I’ve reviewed several franchise tie-in cookbooks and every one of them is really an excuse to have fun in the kitchen and try something new.  By my count this is the ninth Star Wars cookbook, and although I might be partial to The Wookiee Cookbook and its Boba Fett-uccini, or a Han Sandwich, every Star Wars fan will find something new and fun to try in The Life Day Cookbook It’s available just in time for our Earth holidays, and you can order it in the U.S. here and the UK here.  Check out a preview below.

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Review by Elizabeth C. Bunce

An “inverted mystery” is a story that follows a criminal through the planning and commission of a crime–usually murder–from initial conception through the culprit’s ultimate downfall and apprehension (think Law & Order: Criminal Intent).  The focus is on the criminal’s mindset and how his dark scheme unravels.  Tim Major’s The New Adventure of Sherlock Holmes novel The Back-to-Front Murder is a twist on this subgenre… sort of.  Beginning with the classic Sherlockian setup—a client with a curious conundrum—Major’s novel unravels the puzzling murder of a London widower whom it seems no one would have any reason to want dead, least of all Holmes’s new client.  The trouble is, the client did plan the murder, down to the very last detail.

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Review by C.J. Bunce

If you’re a fan of Charles Vess or Neil Gaiman–or both–chances are you’re familiar with their award-winning series and four-part illustrated book, Stardust Twenty-two years later Vess has compiled dozens of in-process sketches, paintings, and preliminary creations and along with images of Gaiman’s original notations fans will find them all in the new book, The Art of Neil Gaiman and Charles Vess’s Stardust: An Informal History, available now here at Amazon.  It’s not every day fans of fantasy artwork get a chance to look inside the creative process of one of the genre’s favorites.  Take a look inside, in our preview below.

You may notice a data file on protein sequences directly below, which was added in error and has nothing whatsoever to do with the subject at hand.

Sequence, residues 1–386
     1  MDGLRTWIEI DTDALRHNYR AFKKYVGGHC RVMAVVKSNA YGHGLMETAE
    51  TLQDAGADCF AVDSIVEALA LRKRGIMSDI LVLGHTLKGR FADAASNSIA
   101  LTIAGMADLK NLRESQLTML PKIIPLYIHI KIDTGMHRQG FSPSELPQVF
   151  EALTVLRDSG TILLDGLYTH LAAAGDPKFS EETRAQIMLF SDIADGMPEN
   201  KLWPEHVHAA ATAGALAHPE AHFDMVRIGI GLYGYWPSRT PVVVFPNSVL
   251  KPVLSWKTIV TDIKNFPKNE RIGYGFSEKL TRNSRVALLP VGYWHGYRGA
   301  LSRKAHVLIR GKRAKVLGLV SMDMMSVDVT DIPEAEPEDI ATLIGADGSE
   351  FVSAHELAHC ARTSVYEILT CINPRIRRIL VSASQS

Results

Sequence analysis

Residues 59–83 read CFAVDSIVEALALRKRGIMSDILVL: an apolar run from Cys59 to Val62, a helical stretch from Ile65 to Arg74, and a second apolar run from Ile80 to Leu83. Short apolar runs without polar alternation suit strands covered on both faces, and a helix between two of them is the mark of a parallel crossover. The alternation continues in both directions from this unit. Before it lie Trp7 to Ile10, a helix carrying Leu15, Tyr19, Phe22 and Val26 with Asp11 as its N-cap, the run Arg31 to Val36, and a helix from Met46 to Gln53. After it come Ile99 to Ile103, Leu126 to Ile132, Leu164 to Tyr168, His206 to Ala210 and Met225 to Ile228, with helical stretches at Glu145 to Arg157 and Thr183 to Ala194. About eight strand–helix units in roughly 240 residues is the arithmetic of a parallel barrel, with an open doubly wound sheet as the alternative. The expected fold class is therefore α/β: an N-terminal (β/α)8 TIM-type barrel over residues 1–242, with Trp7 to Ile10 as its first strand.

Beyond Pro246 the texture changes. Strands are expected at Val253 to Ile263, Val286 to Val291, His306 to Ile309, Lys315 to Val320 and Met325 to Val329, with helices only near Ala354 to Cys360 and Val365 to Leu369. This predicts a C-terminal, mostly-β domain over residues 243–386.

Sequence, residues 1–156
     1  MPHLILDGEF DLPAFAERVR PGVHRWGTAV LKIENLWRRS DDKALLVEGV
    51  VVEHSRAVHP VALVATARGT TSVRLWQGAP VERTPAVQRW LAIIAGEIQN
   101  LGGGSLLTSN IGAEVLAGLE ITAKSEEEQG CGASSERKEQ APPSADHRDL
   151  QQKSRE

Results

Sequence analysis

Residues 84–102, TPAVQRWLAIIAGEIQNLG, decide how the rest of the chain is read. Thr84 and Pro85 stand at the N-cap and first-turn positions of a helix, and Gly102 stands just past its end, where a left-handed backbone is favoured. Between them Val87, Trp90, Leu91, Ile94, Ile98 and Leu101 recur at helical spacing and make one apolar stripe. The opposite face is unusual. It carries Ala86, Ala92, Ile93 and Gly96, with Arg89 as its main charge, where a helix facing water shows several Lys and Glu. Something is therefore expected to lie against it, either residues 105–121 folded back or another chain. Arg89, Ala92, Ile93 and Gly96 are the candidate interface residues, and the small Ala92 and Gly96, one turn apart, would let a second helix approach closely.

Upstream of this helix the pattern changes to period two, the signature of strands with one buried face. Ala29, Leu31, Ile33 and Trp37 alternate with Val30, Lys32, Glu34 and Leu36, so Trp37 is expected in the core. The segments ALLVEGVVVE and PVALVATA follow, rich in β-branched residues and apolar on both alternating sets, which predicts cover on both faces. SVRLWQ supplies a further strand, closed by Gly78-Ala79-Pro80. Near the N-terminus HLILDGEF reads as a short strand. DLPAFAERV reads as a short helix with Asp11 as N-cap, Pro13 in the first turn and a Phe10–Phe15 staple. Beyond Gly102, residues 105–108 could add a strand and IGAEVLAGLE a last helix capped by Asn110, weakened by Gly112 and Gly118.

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Review by C.J. Bunce

I’m just going to say it.  This may be the greatest pop culture celebration book ever.  It couldn’t be more keyed-in on its source material and fan base.  Ugh.  Gah.  Zhuuh.  You’ll make those sounds and more going through the recipes in Alien: The Official Cookbook, the latest Alien franchise tie-in book and a food prep guide for anyone planning the ultimate Halloween party.  “Gross!”  You can just hear those kids who are fans of gross-out movies as they try to pick what course to make first.  It’s disturbing and a masterpiece at the same time.  Normally I wouldn’t review a cookbook without preparing some of the meals, so I can present a read on the design and content as well as the desirability of the food.  This is an exception, first: to get it out to you before Halloween weekend, and second: because if you’re like me then making these selections for a party will be more for the visual surprise than the eating (I may double back later for a review of the meals, too).

Eggs, chestbursters, and xenomorphs.  Oh, my!  The dishes are all presented in a way Alien designer H.R. Giger would have loved.  Alien is known for its dinner scene, cut short by… intervening events of a horrific nature.  (Insert a screaming Veronica Cartwright as Lambert here).  Thanks to cookbook writer Chris-Rachel Oseland, you, too, can experience something similar.

Alien: The Official Cookbook is available now here at Amazon (you still have time to get it before Halloween!).  Take a look at a preview of some of the recipes below, courtesy of Titan Books.

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Wheres Assassin x

Assassin’s Creed ties together the best of fantasy, time travel, and high adventure.  Assassin’s Creed is the perfect mix of fantasy and fiction, of adventure, sci-fi, and history.  We’ve reviewed several tie-ins to the games here at borg, from Assassin’s Creed: Bloodstone to Assassin’s Creed: The Ankh of IsisAssassin’s Creed: Origins, and the comprehensive Assassin’s Creed: The Essential Guide.  The latest tie-in is for kids, for fans of Highlights magazine, and Where’s Waldo?  It’s Titan Books’ Assassin’s Creed: Where’s the Assassin?, a colorful, over-sized, storybook-format, hardcover book, crammed full with 40 pages of character-filled scenes in international locations from the past.  Your challenge?  To find all the key figures wandering the streets, famous people from history and key characters from the franchise–across eras and continents–ducking into alleyways and hiding in the shadows–or in plain sight.  Assassin’s Creed: Where’s the Assassin? is available now here at Amazon.